Mitchell was not only the name on the marquee before the game, but he was the biggest star during it, too. He had a game high 46 points for his fifth game of 40 or more points this season. He started off great, scoring 12 of Cleveland’s 24 first quarter points, and did his best to take over in the fourth quarter, closing 17 to close out regulation.
The game swung, however, during a stretch when there was nothing Mitchell could do, through no fault of his own.
The Cavaliers held a 107-102 lead over the Jazz with 1:23 left in regulation when former Cavs guard Jordan Clarkson made a 3-pointer and was fouled by Cleveland’s Caris LeVert. That foul was then upgraded to a flagrant foul – penalty one, awarding Clarkson a free throw and then the ball back to the Jazz. Clarkson made that free throw to make it a 107-106 Cleveland lead. When the Jazz had the ball, LeVert again fouled Clarkson while shooting a 3-pointer. The shot missed, but Clarkson made all three free throws.
In a span of 12 seconds of game time, the Cavaliers went from holding a five-point lead to trailing by two points.
“Feel like they were bad calls,” LeVert said after the game. “First one was a push off and then he kicked his legs. Second one, he kind of jumped backwards. Regardless of that, I have to expect the ref to make a bad call and just be that much better defensively. I will be. That’s on me.”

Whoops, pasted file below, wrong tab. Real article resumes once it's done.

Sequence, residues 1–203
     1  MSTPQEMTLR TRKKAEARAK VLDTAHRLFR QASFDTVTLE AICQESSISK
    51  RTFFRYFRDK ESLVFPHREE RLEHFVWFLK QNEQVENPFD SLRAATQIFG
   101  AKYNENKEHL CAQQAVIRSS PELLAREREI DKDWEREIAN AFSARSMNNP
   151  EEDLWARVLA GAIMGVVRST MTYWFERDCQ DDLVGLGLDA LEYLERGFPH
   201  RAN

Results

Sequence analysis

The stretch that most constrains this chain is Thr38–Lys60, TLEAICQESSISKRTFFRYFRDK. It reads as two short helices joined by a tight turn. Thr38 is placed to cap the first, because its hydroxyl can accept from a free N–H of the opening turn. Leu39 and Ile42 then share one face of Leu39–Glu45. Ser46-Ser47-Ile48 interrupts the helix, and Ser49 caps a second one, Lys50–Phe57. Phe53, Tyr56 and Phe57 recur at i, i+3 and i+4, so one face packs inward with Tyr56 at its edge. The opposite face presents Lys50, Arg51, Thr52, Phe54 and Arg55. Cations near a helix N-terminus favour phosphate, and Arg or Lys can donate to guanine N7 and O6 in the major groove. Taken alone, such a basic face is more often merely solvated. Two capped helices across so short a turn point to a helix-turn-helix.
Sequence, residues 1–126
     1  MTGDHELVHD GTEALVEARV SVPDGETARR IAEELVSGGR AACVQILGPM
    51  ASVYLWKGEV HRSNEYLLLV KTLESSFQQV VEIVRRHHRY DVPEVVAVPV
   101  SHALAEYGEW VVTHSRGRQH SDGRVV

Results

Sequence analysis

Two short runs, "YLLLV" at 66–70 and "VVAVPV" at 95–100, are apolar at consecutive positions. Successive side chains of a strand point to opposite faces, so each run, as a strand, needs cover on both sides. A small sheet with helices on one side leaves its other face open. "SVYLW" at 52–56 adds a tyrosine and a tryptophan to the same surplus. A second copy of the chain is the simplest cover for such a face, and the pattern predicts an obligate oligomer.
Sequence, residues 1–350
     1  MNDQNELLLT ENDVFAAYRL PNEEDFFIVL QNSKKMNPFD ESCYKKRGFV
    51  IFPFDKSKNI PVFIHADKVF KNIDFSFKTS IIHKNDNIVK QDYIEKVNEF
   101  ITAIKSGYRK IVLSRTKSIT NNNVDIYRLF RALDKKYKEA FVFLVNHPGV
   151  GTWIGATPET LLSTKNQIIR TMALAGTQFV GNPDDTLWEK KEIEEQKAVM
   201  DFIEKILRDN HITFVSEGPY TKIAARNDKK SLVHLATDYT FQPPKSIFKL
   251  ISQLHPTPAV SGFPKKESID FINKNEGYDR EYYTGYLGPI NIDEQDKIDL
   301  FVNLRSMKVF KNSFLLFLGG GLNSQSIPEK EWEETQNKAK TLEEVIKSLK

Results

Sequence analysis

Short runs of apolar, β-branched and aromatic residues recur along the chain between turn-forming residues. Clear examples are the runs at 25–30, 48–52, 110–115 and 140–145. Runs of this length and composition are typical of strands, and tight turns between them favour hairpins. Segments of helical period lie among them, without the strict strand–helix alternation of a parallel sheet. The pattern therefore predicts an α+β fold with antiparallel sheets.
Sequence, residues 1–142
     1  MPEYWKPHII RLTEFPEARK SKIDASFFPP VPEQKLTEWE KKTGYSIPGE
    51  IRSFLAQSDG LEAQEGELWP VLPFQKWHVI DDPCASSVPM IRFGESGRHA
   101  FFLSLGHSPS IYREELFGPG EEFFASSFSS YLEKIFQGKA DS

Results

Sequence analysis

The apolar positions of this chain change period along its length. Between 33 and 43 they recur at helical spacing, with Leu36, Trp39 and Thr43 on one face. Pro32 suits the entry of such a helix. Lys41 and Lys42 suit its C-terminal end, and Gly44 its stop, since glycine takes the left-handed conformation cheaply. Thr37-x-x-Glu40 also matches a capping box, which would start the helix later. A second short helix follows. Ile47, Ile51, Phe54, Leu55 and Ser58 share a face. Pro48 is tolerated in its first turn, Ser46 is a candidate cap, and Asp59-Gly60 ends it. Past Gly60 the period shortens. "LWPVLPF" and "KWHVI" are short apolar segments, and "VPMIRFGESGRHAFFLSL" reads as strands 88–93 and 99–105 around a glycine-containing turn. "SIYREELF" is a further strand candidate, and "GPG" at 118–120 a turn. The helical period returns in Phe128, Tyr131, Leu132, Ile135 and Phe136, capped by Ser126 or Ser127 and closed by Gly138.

That sequence turned what would have been a nice win for a Cavaliers team that has struggled to win on the road into a bad 116-114 loss.
“I think they're questionable,” Bickerstaff said of the foul calls. “Offensive players have the ability to cover their spots. If a guy switches his feet in the air, it makes it extremely difficult to guard. So, I don't know what more we could have done. The guy jumps and switches his feet like that, if I go to contest, naturally there's gonna be contact there.”
In all, Cleveland was whistled for 25 fouls compared to the 17 for the Jazz. Utah finished the night 30-of-37 from the foul line on its way to winning the game.